Black defines an open account as one "which has not been finally settled or closed, but is still running or open to future adjustment or liquidation." Black's Law Dictionary. Georgia law agrees with this definition. See Smith v. Ellington, 14 Ga. 379, 382. The U. S. Supreme Court concurs. See Smith v. Davis, 323 U. S. 111 (65 SC 57, 89 LE 107). The evidence adduced clearly established an "open account" between the plaintiff and defendant. Becker v. Humphries, 34 Ga. App. 644 (2) (130 SE 379); 1 AmJur2d 373, Accounts and Accounting, 4. "Of course, a suit on an open account may be maintained for the price of goods sold under a contract where the price has been agreed upon by the seller and purchaser and where the seller has performed his part of the agreement and nothing remains to be done except for the purchaser to make payment." Wolfe v. Brown-Wright Hotel Supply Corp., 87 Ga. App. 12, 14 (73 SE2d 82).
App. 4, 6 (78 SE2d 345). Accordingly, Gage maintained an open account with Tiffin. Tiffin was authorized to bring an action on open account under the facts delineated above and the evidence introduced supported the verdict of the jury. This enumeration is without merit.
2. Defendant objected to a question by the plaintiff of Gage: "On or about August the second. At that time were you under a security agreement with anyone as to your inventory . . .?" Defendant objected on the grounds that it called for a "legal conclusion."
Evidentiary experts apparently are reluctant to attack the thorny issue of "legal conclusions." See Green, Ga. Law of Evidence 285-286, Opinion Evid. 113; Agnor's Ga. Evidence 137, 9-3. Undoubtedly it is difficult to establish encompassing parameters for such term when Wigmore uses many pages to distinguish between "opinion" and "fact." VII Wigmore on Evidence 2 et seq. McCormick also gives this term the "broad brush" treatment. McCormick on Evidence (2d Ed.) 28. Our Supreme Court has held that "[t]he expert may aid the jury, but he can not act as a member of the jury; nor, while on the stand, can he transcend the functions of a witness and, under the guise of giving testimony, state a legal conclusion." Travelers Ins. Co. v. Thornton, 119 Ga. 455, 456 (46 SE 678). The court earlier had held that a doctor could give his opinion on physical and medical facts but not "legal classification of such facts" which was "a mixed question of law and fact" and it would have been improper to permit the witness to draw the conclusion which should "be determined in the light of all the evidence." Id. at 456. Agnor agrees that "[i]t is only where the drawing of the inference requires a mixture of law and fact that the question is not a proper one for opinion evidence." Agnor's Ga. Evidence 136, 9-3. However, as related earlier by Wigmore, sometimes it is difficult to distinguish between an "opinion" and a "fact." VII Wigmore on Evidence 14, 1919. Corpus Juris states: "As a general rule, a witness may not state a conclusion of law; but testimony which in the main is a mere statement of fact may be admitted, even though it rests to a certain extent on the application of legal principles." 32 CJS 91, Evidence, 453. We find this rule to apply in the instant case. There was no issue as to whether there was or was not in existence a security contract. The question asked was trying to elicit whether Gage had a financing arrangement which required Tiffin to guarantee Gage's payments to Finance America and the finance company to inventory the motor home on Gage's sales lot to assure presence of the secured item. Thus, the thrust of the question and the main import of the answer was the fact that there was a financing arrangement -- commonly called "floor-planning," in which Tiffin guaranteed Gage's payments to Finance America.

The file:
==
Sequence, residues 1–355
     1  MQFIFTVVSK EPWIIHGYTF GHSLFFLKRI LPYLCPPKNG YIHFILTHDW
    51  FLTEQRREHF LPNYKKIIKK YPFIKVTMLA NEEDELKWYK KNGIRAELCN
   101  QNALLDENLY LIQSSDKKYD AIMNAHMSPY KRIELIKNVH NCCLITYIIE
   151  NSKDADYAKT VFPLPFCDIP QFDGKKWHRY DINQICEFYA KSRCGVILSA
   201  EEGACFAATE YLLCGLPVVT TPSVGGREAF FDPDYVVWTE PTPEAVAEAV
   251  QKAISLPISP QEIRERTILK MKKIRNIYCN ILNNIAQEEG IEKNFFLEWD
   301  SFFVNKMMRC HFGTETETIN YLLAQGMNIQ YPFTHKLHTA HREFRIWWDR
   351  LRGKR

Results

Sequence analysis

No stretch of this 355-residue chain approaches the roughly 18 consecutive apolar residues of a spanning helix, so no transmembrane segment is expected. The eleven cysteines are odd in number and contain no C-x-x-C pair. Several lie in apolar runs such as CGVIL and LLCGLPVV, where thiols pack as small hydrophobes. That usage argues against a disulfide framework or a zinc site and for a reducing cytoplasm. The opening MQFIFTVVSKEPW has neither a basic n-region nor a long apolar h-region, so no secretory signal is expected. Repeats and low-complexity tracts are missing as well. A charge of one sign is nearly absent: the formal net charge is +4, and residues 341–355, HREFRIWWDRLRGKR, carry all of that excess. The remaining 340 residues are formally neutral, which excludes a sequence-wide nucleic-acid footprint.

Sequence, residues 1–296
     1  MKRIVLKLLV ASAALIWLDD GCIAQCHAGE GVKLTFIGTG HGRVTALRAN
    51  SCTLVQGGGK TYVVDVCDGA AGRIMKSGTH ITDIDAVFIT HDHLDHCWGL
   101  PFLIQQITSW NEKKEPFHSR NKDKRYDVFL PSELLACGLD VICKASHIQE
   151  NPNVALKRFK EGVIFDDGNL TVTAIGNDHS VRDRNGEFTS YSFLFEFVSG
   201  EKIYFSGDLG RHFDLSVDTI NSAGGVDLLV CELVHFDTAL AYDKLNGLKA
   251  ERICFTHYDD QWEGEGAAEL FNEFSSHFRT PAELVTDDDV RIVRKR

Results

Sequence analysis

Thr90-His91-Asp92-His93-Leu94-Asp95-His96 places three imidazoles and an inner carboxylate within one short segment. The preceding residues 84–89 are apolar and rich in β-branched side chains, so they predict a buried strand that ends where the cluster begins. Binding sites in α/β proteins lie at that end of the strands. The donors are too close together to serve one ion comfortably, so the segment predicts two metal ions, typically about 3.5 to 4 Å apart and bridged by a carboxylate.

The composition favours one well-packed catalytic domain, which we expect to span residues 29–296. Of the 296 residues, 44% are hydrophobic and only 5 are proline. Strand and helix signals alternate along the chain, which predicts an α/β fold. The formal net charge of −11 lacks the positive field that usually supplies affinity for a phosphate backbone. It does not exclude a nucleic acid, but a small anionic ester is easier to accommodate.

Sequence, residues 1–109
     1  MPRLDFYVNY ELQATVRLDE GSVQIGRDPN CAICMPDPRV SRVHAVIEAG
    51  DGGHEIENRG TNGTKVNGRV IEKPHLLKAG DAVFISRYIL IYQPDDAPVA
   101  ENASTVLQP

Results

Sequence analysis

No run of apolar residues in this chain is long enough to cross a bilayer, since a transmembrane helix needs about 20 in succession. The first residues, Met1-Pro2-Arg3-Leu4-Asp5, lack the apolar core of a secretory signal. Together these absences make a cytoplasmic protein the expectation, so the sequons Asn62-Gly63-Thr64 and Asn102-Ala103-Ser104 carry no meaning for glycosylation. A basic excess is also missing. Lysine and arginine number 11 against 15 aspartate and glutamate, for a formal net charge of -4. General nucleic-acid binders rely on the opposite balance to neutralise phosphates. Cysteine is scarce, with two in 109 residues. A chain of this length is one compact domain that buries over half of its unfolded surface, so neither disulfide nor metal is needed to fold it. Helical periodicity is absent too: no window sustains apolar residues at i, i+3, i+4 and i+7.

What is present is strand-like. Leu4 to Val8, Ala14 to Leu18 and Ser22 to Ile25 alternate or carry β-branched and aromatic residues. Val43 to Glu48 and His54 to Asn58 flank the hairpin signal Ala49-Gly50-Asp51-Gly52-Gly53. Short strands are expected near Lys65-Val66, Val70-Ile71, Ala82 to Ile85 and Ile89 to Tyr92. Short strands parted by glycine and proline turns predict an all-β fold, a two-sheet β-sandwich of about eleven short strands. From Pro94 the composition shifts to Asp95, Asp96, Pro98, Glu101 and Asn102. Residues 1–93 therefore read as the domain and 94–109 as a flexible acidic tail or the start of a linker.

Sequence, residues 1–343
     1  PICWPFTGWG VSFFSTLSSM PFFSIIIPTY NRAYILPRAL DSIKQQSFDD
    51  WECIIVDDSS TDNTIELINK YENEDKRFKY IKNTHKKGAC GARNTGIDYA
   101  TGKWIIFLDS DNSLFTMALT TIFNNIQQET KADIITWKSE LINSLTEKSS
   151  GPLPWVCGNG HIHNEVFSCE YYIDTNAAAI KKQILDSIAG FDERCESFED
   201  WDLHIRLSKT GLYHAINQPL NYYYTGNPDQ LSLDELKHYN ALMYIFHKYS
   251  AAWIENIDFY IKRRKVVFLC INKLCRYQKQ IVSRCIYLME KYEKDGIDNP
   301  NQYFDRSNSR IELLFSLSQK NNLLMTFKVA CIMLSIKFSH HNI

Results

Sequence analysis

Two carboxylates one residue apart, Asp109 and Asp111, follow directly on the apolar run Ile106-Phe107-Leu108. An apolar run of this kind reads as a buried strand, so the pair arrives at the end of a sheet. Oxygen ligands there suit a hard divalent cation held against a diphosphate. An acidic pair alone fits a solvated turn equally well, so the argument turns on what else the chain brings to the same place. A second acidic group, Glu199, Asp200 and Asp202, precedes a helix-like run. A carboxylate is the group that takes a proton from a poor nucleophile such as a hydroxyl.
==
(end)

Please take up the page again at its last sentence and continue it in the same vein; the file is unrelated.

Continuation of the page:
Accordingly, it was only incidental that the agreement referred to was a "security agreement." The contract had to be called something to direct the witnesses' attention to the subject matter. If we were to hold inadmissible -- questions which included a legal term in their body -- on the ground that it called for a legal conclusion, then questions could not be asked which included such common but legal words as: agent, arrest, assume, contract, deed, divorce, gift, license, marriage, mortgage, partner, etc. See Sankey & Shorter v. Columbus Iron Works, 44 Ga. 228 (2); Scott v. Kelly-Springfield Tire Co., 33 Ga. App. 297 (6) (125 SE 773); Blaylock v. Prudential Ins. Co., 84 Ga. App. 641, 642 (67 SE2d 173); Salters v. Pugmire Lincoln-Mercury, 124 Ga. App. 414, 415 (184 SE2d 56).